Esmond Allcock has six children, 17 grandchildren, 36 great-grandchildren and 12 great-great-grandchildren.
But to his dismay, none of them were named for him.
That finally changed last year when his great-granddaughter Jenna Lehne decided to name her second son Esmond, prompting a tender moment when Allcock met his namesake for the first time.
"As he held my son, he kissed his head and said over and over again, 'You don't know what this means to me. You don't know what this means to me,'" Lehne wrote in a post published last week on Love What Matters , a site that celebrates real-life stories of love and compassion.
At 108, Allcock is one of Canada's oldest residents. The widower lives in an assisted-living facility in Kerrobert, Saskatchewan.
"When I got pregnant with my second, he mentioned to my grandmother that he was responsible for 71 descendants and no one had named their son after him," Lehne wrote in her post. "My husband and I had wanted to name our new son after family, and that just sealed the deal."
Lehne and her family live about five hours away in Okotoks, Alberta.
When little Esmond was born on January 11, 2017 -- nearly 107 years after his great-great-grandfather -- Canada's bitter winter weather made a visit difficult. But once the snow started to melt last spring, Lehne decided to travel to Kerrobert to surprise Allcock and introduce him to his namesake.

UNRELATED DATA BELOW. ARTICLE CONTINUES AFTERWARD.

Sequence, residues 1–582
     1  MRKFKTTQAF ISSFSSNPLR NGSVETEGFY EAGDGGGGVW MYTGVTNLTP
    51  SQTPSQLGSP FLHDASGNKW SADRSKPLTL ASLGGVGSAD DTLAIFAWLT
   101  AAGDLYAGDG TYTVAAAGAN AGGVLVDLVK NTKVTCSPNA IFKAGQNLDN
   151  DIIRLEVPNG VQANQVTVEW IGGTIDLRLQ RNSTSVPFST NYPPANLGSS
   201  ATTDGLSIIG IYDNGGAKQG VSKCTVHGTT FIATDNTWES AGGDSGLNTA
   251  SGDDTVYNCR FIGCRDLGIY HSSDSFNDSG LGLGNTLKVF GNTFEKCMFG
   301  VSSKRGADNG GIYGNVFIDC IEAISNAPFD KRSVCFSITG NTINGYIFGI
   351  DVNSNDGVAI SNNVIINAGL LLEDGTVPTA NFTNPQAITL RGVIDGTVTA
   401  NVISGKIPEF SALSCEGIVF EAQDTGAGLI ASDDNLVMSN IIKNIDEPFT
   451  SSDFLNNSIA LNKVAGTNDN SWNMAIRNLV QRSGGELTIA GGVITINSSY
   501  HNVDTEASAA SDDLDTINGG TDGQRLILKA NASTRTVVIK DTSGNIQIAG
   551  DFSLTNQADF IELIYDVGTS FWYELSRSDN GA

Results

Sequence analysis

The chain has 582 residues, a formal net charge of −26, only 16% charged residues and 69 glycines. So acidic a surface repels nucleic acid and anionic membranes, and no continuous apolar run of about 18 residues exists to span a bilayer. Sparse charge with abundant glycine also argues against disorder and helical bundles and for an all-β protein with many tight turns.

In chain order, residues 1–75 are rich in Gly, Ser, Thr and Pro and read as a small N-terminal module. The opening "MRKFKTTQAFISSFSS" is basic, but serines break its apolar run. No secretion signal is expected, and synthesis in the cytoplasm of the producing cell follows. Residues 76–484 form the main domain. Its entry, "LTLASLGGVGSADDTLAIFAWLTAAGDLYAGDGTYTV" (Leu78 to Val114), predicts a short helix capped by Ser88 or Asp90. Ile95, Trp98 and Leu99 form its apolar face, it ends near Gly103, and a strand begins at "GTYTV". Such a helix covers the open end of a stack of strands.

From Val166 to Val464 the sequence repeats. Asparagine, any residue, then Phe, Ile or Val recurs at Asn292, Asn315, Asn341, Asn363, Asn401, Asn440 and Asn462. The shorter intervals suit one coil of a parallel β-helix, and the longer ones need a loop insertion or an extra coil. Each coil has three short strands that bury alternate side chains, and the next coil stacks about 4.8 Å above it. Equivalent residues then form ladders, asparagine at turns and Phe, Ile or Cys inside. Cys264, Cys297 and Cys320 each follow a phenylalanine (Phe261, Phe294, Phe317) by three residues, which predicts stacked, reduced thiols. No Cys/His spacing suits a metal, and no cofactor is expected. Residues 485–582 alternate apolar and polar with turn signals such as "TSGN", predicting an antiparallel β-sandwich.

"He takes such joy in his family and his decedents. He's met all of his great-great-grand-kids and he loves each and every one of them," she told CNN.
It's not clear why it took so long -- 78 years -- for Allcock to get a namesake.
According Lehne, some of her family members carry Esmond as a middle name. His was mentioned in a pool of family names that relatives could choose from in naming their children, she said.
When they arrived in Kerrobert, Allcock didn't recognize them at first. But he quickly became attached to young Esmond. And when he finally recognized them and learned the baby's name, his reaction was truly priceless, Lehne said.
"I wish I could fully explain how much it meant to me," she wrote.
Lehne told CNN she was inspired to write the blog post to showcase her family's joy and to update the rest of her relatives on the happy news.
"Our family tree is more like a family forest," she said. "We're spread out all over the country, but social media makes it easy for us to share family updates and keep in touch."
Now the family will have to wait and see if little Esmond's name gets passed along again someday.